"Conventional wisdom dictates that you should do so as soon as possible. Yet for some families, biding your time may boost aid dollars, said Kalman Chany, president of Campus Consultants Inc. and author of The Princeton Review's 'Paying for College Without Going Broke.' The 2018 edition was published Sept. 19.
'The big myth is that all aid is awarded on a first-come, first-serve basis, but for many types of aid it's not,' Chany said. 'Families should file the form when they're going to demonstrate the most eligibility for money.'
Families who aren't under the gun to file quickly might be able to boost their chances by considering how their assets will be measured in aid calculations. For example, most types of debt, including credit-card debt, car loans and the mortgage on your primary residence, are not reported on FAFSA and so don't reduce your family's net worth in aid calculations.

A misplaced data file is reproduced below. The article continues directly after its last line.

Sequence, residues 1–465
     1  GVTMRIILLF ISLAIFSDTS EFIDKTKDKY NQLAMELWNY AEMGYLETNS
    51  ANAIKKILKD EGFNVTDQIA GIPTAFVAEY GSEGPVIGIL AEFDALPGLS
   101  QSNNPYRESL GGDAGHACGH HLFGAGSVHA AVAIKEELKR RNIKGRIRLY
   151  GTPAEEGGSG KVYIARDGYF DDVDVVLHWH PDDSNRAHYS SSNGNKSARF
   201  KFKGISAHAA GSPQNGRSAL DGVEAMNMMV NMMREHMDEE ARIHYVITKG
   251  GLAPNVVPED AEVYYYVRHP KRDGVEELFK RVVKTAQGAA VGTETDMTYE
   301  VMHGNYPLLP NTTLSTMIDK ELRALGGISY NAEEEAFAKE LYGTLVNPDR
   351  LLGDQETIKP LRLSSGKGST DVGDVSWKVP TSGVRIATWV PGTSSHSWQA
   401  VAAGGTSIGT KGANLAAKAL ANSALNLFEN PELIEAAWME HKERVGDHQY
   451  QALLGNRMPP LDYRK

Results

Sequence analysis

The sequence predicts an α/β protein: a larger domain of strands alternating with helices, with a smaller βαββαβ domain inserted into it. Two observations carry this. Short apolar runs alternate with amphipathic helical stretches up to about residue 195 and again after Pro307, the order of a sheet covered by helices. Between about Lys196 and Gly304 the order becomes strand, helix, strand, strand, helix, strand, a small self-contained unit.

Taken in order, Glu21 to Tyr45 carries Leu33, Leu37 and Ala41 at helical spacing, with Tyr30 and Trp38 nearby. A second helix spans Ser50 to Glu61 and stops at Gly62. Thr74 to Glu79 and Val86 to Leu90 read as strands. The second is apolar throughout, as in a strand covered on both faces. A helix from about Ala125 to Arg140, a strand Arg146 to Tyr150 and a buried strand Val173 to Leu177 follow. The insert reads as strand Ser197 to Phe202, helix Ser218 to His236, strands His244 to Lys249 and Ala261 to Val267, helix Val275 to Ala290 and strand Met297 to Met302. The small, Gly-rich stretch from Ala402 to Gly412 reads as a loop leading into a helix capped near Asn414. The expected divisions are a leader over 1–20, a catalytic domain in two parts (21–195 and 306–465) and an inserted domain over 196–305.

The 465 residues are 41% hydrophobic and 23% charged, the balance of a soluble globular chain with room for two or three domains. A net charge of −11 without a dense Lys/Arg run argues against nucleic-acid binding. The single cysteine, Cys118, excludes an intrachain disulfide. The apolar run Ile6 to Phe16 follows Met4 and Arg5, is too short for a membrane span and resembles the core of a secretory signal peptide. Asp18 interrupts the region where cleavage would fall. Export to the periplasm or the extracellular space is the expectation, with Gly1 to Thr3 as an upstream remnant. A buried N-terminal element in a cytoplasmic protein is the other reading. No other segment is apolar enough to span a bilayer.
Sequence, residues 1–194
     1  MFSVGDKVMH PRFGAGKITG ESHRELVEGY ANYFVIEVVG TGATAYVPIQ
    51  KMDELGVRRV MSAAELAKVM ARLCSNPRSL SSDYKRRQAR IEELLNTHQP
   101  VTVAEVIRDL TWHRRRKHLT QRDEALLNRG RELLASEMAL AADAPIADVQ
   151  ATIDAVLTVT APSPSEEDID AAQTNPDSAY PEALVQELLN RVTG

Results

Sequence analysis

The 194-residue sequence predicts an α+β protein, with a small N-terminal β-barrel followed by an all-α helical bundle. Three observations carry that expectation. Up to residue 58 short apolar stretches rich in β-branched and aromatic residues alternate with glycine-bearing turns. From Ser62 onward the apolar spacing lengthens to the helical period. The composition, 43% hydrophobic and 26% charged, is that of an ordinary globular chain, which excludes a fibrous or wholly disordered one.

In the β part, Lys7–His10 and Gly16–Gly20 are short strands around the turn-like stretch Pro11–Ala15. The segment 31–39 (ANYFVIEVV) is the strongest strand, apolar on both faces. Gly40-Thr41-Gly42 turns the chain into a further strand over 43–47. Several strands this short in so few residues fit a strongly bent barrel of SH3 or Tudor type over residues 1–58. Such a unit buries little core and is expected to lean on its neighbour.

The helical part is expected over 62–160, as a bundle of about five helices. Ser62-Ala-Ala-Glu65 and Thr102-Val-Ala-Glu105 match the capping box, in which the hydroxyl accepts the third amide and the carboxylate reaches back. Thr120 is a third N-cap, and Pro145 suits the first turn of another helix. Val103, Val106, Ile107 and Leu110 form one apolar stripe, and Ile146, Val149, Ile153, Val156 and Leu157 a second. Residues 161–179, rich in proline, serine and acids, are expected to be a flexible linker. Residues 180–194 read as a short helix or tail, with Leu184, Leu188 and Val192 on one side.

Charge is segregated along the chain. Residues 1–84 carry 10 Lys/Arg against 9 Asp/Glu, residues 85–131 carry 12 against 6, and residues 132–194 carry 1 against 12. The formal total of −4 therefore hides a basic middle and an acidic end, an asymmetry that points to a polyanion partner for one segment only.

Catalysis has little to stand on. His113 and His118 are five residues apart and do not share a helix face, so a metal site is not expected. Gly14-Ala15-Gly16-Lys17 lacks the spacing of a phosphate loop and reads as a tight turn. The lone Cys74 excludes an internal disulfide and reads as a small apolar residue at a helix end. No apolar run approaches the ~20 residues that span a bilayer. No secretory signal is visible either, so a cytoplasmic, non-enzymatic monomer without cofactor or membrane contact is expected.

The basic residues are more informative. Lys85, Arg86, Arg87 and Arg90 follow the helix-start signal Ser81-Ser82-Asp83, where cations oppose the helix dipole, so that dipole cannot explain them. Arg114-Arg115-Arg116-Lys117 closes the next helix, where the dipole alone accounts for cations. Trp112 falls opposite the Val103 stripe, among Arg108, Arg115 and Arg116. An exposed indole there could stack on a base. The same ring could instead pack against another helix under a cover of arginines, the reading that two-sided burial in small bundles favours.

... Don't delay filing if you're not on top of all relevant deadlines.
'The biggest mistake that people make is not filling out the FAFSA, or filling it out late,' said Karen McCarthy, director of policy analysis for the National Association of Student Financial Aid Administrators.
Other top mistakes filers make are mixing up parent and student information on the form, such as entering a parent's Social Security number instead of the student's and entering a nickname instead an exact legal name, McCarthy said. Because such errors can delay processing, you should build in some buffer time before your earliest deadline."
NASFAA's "Headlines" section highlights media coverage of financial aid to help members stay up to date with the latest news. Inclusion in Today's News does not imply endorsement of the material or guarantee the accuracy of information presented.
Publication Date: 10/2/2017